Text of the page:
A few days ago, a provincial election forum was held in SUB.
Well, forum is a bit of a strong word. It was supposed to be a forum, but only one candidate showed. It was NDP MLA Marlin Schdmit, who is also the Minister of Advanced Education. The other candidate slated to appear, Prem Pal of the Alberta Party, was unable to attend due to serious illness. The forum thus became, in the words of the moderator, a “fireside chat” with Schmidt.
But now is not the time for fireside chats. Now is the time for Alberta’s parties to bring their platforms to the people, to prove to Albertans that they actually care about their issues. This forum was a chance for the parties to prove they care about students. This “fireside chat” clearly shows that the parties don’t care as much as they should.
For starters, both the Liberal and the United Conservative Parties were contacted about attending the forum, but neither responded. I can understand to a degree why the Liberals may not have responded; they’re not running a full slate this election, and may not have had anyone with a strong enough grasp of the inner workings of postsecondary policy to attend.
The UCP’s absence, however, is inexcusable. They’re the most powerful opposition to the NDP in this election; recent polls state they have the support of 48.5 per cent of Albertans. Bottom line, they’re likely to win the election. It’s thus incredibly important to be able to discuss their ideas at a public forum, to get a sense of what they pose in relation to the NDP. We didn’t get that chance, though, which I think really goes to show how important the UCP considers students in this election.
As far as the absence of the Alberta Party goes, I understand that medical complications can arise when we least expect them. The Alberta Party is running a full slate, though; they could have found someone else to cover for Pal, or at least warned the forum moderators about Pal’s illness ahead of time. This poor communication and seeming inability to find a replacement give me the sense that the Alberta Party, too, isn’t as invested in students as they should be.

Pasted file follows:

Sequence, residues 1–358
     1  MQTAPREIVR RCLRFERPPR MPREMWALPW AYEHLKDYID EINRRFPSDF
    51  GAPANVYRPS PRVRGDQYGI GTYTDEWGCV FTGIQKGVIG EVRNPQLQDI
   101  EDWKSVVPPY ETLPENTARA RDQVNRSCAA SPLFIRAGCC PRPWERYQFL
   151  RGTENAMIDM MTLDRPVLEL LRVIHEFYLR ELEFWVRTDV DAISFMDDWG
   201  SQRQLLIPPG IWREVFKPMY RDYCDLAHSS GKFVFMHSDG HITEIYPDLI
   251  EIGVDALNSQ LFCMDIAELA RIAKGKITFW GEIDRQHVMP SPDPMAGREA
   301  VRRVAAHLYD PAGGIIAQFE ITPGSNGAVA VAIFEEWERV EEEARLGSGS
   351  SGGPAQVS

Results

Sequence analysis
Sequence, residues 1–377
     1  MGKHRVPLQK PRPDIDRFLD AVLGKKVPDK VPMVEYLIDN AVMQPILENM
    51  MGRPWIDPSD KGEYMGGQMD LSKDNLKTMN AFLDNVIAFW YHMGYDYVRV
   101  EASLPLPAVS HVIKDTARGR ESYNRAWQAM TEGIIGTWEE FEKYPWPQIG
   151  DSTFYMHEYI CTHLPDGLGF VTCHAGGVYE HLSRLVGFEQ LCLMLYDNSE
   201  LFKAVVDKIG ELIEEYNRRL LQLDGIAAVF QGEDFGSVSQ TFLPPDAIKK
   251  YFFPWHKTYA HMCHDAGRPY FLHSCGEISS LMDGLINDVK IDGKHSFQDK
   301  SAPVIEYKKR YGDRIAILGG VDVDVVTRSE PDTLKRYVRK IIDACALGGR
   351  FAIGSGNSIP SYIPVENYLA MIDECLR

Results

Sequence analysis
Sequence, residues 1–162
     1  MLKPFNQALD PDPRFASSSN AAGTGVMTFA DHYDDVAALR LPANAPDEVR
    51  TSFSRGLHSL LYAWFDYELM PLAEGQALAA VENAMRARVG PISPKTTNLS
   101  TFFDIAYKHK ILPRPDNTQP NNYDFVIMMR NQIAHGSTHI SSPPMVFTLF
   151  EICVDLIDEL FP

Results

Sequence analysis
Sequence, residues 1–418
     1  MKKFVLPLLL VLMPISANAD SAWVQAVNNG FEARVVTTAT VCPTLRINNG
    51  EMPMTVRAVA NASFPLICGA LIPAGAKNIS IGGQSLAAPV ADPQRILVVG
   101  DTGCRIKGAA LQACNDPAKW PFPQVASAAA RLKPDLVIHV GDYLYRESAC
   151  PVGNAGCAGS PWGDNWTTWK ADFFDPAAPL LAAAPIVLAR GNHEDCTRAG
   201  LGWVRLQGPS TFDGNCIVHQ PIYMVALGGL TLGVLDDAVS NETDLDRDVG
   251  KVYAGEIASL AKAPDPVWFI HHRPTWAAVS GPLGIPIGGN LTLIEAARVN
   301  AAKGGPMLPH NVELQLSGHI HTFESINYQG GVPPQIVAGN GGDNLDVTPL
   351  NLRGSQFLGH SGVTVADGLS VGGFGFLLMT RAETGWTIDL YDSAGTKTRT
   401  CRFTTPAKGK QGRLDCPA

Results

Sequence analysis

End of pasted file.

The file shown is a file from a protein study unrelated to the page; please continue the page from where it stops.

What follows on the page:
The state of this forum is just another symptom of a political system that simply does not care about young voters, especially students. Postsecondary policy was mentioned only three times in the 90 minute-long televised leaders debate, with one of those times being a false claim from Alberta Party Leader Stephen Mandel about postsecondary enrolment numbers in Alberta.
As I’ve mentioned previously, low youth voter turnout isn’t simply a matter of young people being apathetic about politics, but a matter of how parties struggle to communicate with young voters. It’s also an issue of the issues they prioritize; parties typically push issues that affect older demographics because they typically make up the majority of voters during elections.
Schmidt stated that his presence at the forum showed that the NDP “[are] the only ones who are interested in engaging students at a political level.” This sounds nice on the surface, but Schmidt was also the only person slated to appear at the forum whose sole job is to engage students at a political level. Schmidt’s attempt at a messaging spin fails to hide the fact that he spent most of his time at the forum regurgitating things the NDP has already done in the realm of postsecondary, such as Bill 19 and the reimplementation of the Summer Temporary Employment Program (STEP). Little to no new initiatives were discussed, just like in the NDP’s platform.
The whole point of forums like this is to foster a healthy, engaged democracy, where representatives and citizens can come together to ask tough questions, express values, and put test their ideas. This engagement is a two-way street; when representatives don’t engage, there’s no incentive for citizens to engage.
Sure, this forum has made me deeply jaded and bitter about voting in this election. But even in the face of bitterness, students should not lie down on their backs in defeat. If anything, this failure of a forum should mobilize students to speak loudly about their interests, to send a message to our political parties that we won’t be ignored.
Maybe next election season then parties will care about students.